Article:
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June 18, 2024

Disney's Enchanted refreshes a tired genre

By NATALIE BERKMAN | November 28, 2007

When you go to see a movie on a Friday night, what do you look for? A few laughs, a little action to keep you on the edge of your seat and a romantic side are three important ingredients in a movie that audiences of all ages will enjoy. Fortunately, Enchanted has all of this and more.

Enchanted begins with a typical Disney princess tale. Giselle (Amy Adams) is trying to recreate the face of her true love from a dream with the help of her animal friends. Meanwhile, dashing Prince Edward (James Marsden) hears her singing and falls instantly in love. However, before they can be married and get their "happily ever after," Edward's evil stepmother, Queen Narissa (Susan Sarandon), sends the hopeful princess-to-be to a place where there are no happy endings - New York City.

Giselle struggles in the real world until she meets Robert Philip (Patrick Dempsey) and his daughter, Morgan (Rachel Covey). They take her in, and the magic begins. Robert and Morgan are confused when Giselle cuts up their curtains for clothes and calls on some New York City animals to do the housework. Meanwhile, Prince Edward comes after his future bride and brings with him the queen's assistant, Nathaniel (Timothy Spall). The queen has given Nathaniel three apples with which to kill Giselle.

Enchanted was adorable in every way. It both mocked animated Disney tales and created a unique story of its own. While Giselle seemed very unsuited for the real world, breaking out in song at random moments and calling animals to help her with household chores, she begins to teach Robert about expressing his feelings toward his girlfriend, Nancy (Idina Menzel), and encourages his daughter not to give up on old fairy tales. In return, Robert tries to tell Giselle about life in the real world while wondering why strange people keep giving her free apples.

Enchanted was refreshingly unique and a nice break from Disney's latest line of sequels. It juxtaposes the real world with an animated fantasy world and shows the glory in each. At the same time, it implores the audience never to give up on the fairy tales that keep people young.

Amy Adams played an adorable Giselle. She was innocent, na've and likeable. Her voice was lovely and her songs were cute, but as she progressed in the movie, she adapted to the real world quite well.

James Marsden was the perfect Disney prince. He was suave and charming - a little dense, but always with a song in his heart.

Patrick Dempsey was a good cynical New Yorker, and Idina Menzel was always good for a little comic relief at the right moments.

Susan Sarandon was deliciously evil, perfectly malevolent and witty! She was the epitome of all Disney villains, but she played out her role with flare.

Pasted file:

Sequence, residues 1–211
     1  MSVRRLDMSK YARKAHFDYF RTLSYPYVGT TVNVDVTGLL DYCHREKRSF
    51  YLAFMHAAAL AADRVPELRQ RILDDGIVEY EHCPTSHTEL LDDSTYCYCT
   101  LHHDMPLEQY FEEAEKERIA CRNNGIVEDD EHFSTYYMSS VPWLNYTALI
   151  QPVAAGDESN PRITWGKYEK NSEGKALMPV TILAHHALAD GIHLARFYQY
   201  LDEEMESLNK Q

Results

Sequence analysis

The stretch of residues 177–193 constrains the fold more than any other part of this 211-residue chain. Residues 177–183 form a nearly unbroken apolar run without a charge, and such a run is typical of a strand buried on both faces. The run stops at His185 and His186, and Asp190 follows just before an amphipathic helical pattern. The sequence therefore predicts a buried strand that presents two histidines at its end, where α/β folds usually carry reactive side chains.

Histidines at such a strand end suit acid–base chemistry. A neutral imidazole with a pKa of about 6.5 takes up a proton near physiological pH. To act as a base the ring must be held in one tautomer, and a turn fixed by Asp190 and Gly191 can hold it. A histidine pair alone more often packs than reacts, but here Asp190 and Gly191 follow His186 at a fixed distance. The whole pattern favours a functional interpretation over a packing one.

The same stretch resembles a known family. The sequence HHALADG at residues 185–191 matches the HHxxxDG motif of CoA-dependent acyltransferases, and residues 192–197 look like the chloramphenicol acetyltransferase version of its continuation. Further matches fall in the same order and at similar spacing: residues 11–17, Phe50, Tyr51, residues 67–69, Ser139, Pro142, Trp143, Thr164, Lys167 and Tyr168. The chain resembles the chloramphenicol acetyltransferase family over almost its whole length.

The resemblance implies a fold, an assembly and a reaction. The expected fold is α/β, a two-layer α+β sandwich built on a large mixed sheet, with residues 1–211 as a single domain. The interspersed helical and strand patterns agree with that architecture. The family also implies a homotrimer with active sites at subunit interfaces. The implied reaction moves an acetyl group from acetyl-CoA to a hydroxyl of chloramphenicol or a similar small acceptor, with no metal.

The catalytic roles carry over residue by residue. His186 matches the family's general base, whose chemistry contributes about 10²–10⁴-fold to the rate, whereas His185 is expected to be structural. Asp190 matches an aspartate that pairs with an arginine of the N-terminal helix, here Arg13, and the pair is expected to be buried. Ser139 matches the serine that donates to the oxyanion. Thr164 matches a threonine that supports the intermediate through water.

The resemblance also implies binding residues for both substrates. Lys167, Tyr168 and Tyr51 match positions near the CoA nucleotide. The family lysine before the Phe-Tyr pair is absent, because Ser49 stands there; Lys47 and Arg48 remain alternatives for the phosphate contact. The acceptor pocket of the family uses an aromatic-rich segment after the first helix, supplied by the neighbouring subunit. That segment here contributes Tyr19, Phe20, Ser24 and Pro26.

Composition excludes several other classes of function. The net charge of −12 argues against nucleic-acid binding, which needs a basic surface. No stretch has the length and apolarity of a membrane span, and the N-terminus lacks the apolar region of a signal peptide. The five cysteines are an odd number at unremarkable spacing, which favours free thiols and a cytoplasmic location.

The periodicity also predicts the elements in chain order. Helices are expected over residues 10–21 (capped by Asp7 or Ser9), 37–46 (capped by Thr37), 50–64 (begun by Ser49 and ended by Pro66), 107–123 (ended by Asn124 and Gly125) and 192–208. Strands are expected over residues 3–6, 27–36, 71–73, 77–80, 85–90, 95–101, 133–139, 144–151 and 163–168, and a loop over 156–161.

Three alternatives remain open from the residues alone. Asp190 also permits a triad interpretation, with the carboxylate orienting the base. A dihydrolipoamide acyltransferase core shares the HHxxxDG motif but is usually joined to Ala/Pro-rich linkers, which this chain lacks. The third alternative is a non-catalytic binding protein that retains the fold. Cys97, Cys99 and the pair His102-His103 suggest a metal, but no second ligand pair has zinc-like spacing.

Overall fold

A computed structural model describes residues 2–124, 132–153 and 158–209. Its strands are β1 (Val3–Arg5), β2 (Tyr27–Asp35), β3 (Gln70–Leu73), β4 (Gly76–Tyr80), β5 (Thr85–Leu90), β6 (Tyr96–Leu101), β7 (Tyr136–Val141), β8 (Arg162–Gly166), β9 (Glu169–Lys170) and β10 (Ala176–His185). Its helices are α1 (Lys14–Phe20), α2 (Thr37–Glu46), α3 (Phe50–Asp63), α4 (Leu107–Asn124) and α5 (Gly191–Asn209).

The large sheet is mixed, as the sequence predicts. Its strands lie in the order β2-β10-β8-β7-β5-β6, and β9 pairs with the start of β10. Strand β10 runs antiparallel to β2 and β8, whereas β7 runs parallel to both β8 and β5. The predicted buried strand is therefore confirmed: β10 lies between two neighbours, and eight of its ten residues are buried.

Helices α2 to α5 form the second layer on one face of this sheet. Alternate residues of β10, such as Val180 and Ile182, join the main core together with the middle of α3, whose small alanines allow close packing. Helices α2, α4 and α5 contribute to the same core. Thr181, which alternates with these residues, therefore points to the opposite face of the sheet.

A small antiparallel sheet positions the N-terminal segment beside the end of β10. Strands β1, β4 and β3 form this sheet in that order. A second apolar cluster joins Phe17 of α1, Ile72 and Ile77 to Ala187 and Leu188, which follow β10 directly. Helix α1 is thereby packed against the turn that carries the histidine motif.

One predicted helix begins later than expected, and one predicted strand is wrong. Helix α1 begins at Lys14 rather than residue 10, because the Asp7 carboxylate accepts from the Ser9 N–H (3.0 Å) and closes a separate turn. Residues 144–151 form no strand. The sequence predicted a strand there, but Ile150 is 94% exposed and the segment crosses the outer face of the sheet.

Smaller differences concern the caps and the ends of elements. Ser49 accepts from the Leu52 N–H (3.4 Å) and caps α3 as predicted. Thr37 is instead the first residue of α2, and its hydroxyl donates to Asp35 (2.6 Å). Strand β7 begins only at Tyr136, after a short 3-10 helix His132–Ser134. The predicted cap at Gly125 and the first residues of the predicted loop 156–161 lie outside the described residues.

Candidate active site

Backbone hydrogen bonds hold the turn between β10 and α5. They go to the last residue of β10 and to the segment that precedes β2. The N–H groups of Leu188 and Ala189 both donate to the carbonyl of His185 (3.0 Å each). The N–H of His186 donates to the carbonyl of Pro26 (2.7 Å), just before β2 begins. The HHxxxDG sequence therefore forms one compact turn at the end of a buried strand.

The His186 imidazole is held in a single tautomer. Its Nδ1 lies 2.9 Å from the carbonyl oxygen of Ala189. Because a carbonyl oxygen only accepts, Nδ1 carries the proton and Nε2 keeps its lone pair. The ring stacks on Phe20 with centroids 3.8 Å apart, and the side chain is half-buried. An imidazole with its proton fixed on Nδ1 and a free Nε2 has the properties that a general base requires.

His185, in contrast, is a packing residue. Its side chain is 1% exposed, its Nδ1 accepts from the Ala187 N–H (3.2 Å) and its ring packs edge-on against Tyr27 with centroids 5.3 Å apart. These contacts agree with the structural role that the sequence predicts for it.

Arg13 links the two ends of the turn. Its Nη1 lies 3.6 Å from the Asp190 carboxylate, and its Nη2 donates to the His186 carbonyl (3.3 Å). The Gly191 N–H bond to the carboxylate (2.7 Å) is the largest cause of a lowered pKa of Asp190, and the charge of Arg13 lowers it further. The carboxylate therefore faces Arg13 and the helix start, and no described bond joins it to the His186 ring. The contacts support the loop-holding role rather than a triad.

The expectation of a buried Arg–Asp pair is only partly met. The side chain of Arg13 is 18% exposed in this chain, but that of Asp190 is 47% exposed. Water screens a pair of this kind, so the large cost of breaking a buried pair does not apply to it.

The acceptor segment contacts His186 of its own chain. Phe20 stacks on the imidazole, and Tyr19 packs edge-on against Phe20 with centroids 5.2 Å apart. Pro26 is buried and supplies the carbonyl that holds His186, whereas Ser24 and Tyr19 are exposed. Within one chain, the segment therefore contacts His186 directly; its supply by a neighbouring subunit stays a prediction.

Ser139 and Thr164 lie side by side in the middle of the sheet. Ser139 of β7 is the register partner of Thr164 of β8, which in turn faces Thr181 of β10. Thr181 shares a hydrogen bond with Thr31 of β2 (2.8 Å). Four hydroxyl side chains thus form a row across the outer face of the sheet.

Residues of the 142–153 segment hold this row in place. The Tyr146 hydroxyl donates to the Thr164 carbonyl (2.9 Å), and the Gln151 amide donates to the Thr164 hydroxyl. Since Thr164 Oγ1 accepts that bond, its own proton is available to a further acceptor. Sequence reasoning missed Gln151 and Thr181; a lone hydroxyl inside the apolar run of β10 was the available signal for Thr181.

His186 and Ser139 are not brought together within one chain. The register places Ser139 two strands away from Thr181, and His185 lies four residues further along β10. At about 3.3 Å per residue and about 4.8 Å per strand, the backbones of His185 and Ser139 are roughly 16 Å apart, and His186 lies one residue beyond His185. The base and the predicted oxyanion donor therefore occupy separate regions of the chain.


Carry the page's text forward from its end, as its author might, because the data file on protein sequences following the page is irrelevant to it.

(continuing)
Timothy Spall, after playing Wormtail in the latest Harry Potter movies, seems to excel at playing the unappreciated evil minion, but even his character had the opportunity to surprise people in this movie.

You may wonder how a movie that mocks itself and other films can possibly be unique? I asked myself the same question before seeing Enchanted. Somehow, they managed to do it. They made poisonous apples seem as though they were a clever plot twist, being delivered caramel coated or in the form of martinis. They made New York City seem magical, with huge musical numbers that surprisingly didn't seem unnatural or forced. The animated animals in the real world were adorable, even if some were vermin, and they tried to make it seem unnatural - in the real world, do cockroaches clean bathtubs upon a humming maiden's request? By making beloved classic tales seem unnatural, the makers of Enchanted created a clever, enjoyable movie.

Enchanted is suitable for all ages. Children will giggle at the chipmunk trying to speak in New York City and the dashing prince attacking a bus with a sword. Teenagers will get the songs stuck in their heads (I know I did) and won't leave the theater embarrassed at having seen a kids' movie. The adult humor goes unnoticed by the kids and there are impressive special effects that everyone will enjoy.

The transitions from the animated to real world were seamless, and every actor did his part to add to the movie. While at times the corniness gets a little old, there is always a point to it. The apples, the animal friends and everything else taken from the animated Disney classics were all there to make Enchanted corny. But despite all the overused references, the ending is still satisfying, even if you are expecting it.

When you go to see Enchanted on a typical Friday night, prepare for typical Disney "aww" moments in addition to not-so-typical comical moments. If you think that a typical Disney "happily ever after" isn't plausible in the real world, then prepare to be enchanted.

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